“One had better die fighting injustice than die like a dog or a rat in a trap.”
Those are the powerful words of Ida B Wells, a pioneering journalist and activist whose lifelong mission was to expose the brutal racism embedded in US society.
Wells was born a slave in Holy Springs, Mississippi, in 1862. The year after her birth, slaves were officially freed under the emancipation proclamation.
Yet even after the end of the Civil War in 1865, the south remained segregated.
One of Wells’ early stands against segregation came when she was 21.
In 1884 she refused to move to the segregated black carriage of a train after she purchased a first class ticket. Wells was then forcefully moved by a ticket collector.
After the incident, she sued the train company and was compensated $500—the equivalent of around $13,000 today. But the ruling was then overturned.
While working as a teacher she began writing about race and inequality and became the co-founder and editor of the Memphis Free Speech newspaper. Some of her most important work was in the exposure and condemnation of lynching.
Wells wrote pamphlets, articles and books documenting the lynchings of black people that often went completely unreported.
She wrote that “The very frequent inquiry made after my lectures by interested friends is ‘What can I do to help the cause?’ The answer always is, ‘Tell the world the facts.’”
Wells travelled to different states to talk to eyewitnesses, examine photographs of victims and visit places where people were murdered. She did all this in the face of racist intimidation and was even driven from Memphis by death threats.
Wells fought against the racist—but widely believed— opinion that lynching was about protecting white women from sexual assault by black men. Her investigations found that rape had not been even alleged in two thirds of the lynchings.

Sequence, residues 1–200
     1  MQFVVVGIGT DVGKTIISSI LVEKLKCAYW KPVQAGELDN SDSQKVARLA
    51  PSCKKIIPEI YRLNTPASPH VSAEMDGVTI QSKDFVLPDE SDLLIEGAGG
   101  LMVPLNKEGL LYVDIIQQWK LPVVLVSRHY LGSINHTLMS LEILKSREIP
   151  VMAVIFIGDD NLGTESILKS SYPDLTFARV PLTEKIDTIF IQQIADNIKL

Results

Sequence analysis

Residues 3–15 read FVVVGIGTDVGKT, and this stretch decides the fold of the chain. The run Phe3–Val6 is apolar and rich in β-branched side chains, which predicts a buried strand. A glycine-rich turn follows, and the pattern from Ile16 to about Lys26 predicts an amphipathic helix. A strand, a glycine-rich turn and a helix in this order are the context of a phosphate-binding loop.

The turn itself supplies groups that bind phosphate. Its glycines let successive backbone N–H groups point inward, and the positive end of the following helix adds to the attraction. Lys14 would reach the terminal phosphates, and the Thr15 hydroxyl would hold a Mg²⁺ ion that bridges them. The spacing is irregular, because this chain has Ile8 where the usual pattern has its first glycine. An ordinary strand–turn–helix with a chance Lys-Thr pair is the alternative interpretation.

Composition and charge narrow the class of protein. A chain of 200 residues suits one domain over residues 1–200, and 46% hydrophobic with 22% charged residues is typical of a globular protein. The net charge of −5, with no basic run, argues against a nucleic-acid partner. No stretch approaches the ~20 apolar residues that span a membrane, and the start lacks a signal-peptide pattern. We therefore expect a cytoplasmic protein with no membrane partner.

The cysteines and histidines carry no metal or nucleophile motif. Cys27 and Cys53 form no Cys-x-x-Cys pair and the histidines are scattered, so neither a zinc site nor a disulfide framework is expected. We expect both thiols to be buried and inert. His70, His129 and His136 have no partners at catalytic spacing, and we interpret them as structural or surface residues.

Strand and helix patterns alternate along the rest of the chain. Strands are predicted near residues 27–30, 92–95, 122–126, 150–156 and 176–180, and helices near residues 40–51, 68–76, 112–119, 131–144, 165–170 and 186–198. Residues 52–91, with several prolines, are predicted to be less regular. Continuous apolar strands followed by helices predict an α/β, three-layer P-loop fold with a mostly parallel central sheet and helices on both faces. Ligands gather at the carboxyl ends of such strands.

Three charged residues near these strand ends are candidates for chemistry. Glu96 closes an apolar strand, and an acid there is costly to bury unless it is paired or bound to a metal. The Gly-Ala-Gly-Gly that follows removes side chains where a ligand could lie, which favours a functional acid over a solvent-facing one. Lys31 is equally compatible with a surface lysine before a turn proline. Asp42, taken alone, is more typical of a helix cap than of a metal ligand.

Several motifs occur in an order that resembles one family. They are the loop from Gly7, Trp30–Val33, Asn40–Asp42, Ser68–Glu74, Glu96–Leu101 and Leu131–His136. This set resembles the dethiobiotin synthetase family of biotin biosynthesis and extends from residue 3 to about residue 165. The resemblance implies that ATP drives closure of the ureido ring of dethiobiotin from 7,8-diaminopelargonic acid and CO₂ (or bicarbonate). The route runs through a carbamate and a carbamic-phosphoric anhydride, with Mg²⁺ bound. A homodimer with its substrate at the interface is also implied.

And she argued that lynching wasn’t about rape, it was about asserting power and racist terror.
Alongside her journalism, Wells was an activist. She argued that women’s freedom must be fought for alongside the movement against racism.
When Wells settled in Chicago, Illinois she founded the first black suffrage organisation.
Wells constantly pushed back against the racist ideas of some white feminist suffragists that saw suffrage for black women as a step too far.
At the 1913 Women's Suffrage Parade in Washington DC, for example, white organisers of the march demanded that the black women march at the back of the demonstration.
When an Illinois organiser told Wells she could only march if she was with an all-black delegation she refused to join unless she could march under the Illinois banner.
She was also a co-founder of the National Association for the Advancement of Coloured People (NAACP). But Wells was to break away from the NAACP because of what she called its “white and elite black leadership”—and they perceived her as too radical. Wells fought tirelessly until her death in 1931 to expose the racist and sexist brutality of the system we live in and to try to change it.